Note however, that for any given shaft size, the diameter of the fluid seal region will be larger in the present invention than in the conventional design. Hence, for a given RPM, the heat generated by fluid shear will be larger. The fluid temperature rise depends on the balance between the heat quantity and the efficiency of the heat flow path. In virtually all practical cases, the tradeoff favors the present invention, i.e., the shorter path length for heat flow greatly outweighs the larger quantity of heat which must be dissipated. As shaft diameters increase, the balance shifts steadily in favor of the shorter path length.
The system as illustrated uses two ring magnets in opposed-polarity arrangement. This is preferred to a single ring magnet system because (1) the fringe magnetic field external to the feedthrough is minimized, (2) the device as a whole has no net magnetic polarity, and (3) magnetic flux is enhanced in the gaps which are located axially between the magnets. Items (1) and (2) are important in applications (e.g., electron and ion microscopes) in which other system components may be sensitive to magnetic fields. Item (3) is important because it increases the pressure capacity per sealing stage. Item (3) occurs because the two ring magnets "buck" each other in the region which lies between them; each magnet blocks the free spreading of the magnetic field of the other, thereby "squeezing" the energy into a smaller volume and concentrating it.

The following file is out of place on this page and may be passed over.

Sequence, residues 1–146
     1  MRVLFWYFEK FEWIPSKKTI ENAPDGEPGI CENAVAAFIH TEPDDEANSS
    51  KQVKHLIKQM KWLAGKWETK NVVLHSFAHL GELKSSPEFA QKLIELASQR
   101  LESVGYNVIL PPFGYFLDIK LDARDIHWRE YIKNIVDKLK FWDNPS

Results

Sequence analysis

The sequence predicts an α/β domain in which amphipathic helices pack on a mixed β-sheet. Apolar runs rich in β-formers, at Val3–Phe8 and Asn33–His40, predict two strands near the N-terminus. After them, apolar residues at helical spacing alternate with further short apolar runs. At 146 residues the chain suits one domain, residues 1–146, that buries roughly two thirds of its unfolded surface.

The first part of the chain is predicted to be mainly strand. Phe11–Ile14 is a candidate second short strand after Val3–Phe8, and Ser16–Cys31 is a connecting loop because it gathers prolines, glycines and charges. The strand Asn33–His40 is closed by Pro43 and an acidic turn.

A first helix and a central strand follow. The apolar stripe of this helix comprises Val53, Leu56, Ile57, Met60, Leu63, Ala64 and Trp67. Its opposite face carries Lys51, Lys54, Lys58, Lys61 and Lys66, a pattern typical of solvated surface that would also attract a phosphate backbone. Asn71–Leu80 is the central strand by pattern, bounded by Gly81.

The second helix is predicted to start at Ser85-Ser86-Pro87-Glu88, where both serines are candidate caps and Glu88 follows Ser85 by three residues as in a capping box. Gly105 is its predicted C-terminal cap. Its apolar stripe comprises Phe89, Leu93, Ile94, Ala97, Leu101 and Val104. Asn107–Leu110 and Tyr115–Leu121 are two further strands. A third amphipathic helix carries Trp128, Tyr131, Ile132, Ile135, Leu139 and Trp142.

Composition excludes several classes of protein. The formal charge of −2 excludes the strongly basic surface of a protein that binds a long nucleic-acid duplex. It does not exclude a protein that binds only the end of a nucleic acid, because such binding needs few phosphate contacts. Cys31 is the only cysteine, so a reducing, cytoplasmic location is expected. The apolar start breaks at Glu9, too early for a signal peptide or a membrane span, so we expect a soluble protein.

In accordance with another feature of the invention, a fluid fill hole 500 is provided by, for example, drilling a hole through housing 110 (FIGS. 2 and 3A). Its purpose is to facilitate loading the ferrofluid into the device during the assembly process.
Prior art devices load ferrofluid into the interior of the pole piece assembly 16 (refer to FIG. 1A) before inserting the shaft 14. When the shaft is then pushed through the pole piece, some of the fluid is dragged out, adhering to the shaft surface. This is very messy and must be cleaned up.
The corresponding assembly method for the present device would be to load ferrofluid onto the outside diameter of the shaft/magnet/bearing assembly 102 (the magnetic field will hold it in place) and slide the entire assembly into the housing. Some fluid will be dragged off and require cleaning. This method is feasible, but messy.